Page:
Perkins bowel cancer research revolves around investigating the impact of two key pathways in cancer progression to chemoresistant, metastatic disease – these are the SLIRP gene and oncogenic Notch signalling. Notch signalling has been identified as a major driver for the growth of a wide range of tumours, from leukaemia to breast cancer. Evidence is emerging to suggest that inhibiting Notch can suppress tumour growth. Clinical tests have been conducted on 25 different Notch inhibitors to determine if they can improve survival for cancer patients.
We focus on the clinical significance of the Notch signalling pathway in bowel cancer patients, investigating its effects on overall survival, risk of relapse following surgery and chemotherapy response rates. Ultimately, our research aims to provide information to guide therapeutic decisions that may improve patient prognosis, through personalised medicine for cancer patients.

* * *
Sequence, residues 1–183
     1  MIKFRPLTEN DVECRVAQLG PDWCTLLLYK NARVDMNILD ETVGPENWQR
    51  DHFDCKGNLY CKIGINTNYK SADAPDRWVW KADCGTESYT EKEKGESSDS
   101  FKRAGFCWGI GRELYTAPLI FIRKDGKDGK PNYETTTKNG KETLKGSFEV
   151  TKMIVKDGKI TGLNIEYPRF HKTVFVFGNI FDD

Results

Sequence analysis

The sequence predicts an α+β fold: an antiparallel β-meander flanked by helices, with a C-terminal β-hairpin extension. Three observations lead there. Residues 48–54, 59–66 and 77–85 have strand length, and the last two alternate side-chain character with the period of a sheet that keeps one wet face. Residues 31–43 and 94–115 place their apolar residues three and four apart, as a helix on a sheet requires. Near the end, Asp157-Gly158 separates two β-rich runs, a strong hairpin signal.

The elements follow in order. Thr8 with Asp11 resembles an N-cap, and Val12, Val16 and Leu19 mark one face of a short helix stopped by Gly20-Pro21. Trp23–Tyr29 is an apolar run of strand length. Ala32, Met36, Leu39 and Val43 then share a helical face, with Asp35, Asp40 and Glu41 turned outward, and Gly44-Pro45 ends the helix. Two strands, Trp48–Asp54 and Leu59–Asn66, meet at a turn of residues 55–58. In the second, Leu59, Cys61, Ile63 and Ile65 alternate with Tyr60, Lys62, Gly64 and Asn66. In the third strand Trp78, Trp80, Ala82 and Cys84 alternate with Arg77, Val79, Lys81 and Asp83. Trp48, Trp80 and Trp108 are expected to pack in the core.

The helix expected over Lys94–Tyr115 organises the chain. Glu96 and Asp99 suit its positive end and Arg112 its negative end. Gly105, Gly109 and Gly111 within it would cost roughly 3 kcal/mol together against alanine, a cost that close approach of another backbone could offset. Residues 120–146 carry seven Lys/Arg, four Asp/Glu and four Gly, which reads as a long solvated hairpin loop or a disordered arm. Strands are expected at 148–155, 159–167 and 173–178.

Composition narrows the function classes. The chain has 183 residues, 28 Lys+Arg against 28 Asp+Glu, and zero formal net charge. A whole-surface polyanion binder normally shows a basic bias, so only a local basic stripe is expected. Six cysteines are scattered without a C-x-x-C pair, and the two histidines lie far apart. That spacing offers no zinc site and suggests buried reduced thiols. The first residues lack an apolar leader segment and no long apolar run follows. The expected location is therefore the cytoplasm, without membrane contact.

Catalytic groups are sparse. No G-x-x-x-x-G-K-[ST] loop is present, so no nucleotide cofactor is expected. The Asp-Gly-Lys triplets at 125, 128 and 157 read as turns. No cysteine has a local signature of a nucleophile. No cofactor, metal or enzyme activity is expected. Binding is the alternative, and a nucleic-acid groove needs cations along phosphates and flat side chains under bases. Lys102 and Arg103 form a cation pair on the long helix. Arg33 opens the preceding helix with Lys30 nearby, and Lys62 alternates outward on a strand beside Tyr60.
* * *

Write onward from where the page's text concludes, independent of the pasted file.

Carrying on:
We have found that SLIRP regulates hormones in the body, limiting the spread and resistance of cancers to chemotherapy. Furthermore, we found high tumour SLIRP levels were linked to improved survival of patients. This has led to us producing tangible outcomes such as developing new ways to repress oncogenic Notch signalling in bowel cancer using SLIRP.
Researchers are investigating the impact of two key pathways in cancer progression to chemoresistant, metastatic disease – these are the SLIRP gene and oncogenic Notch signalling, which can potentially suppress tumour growth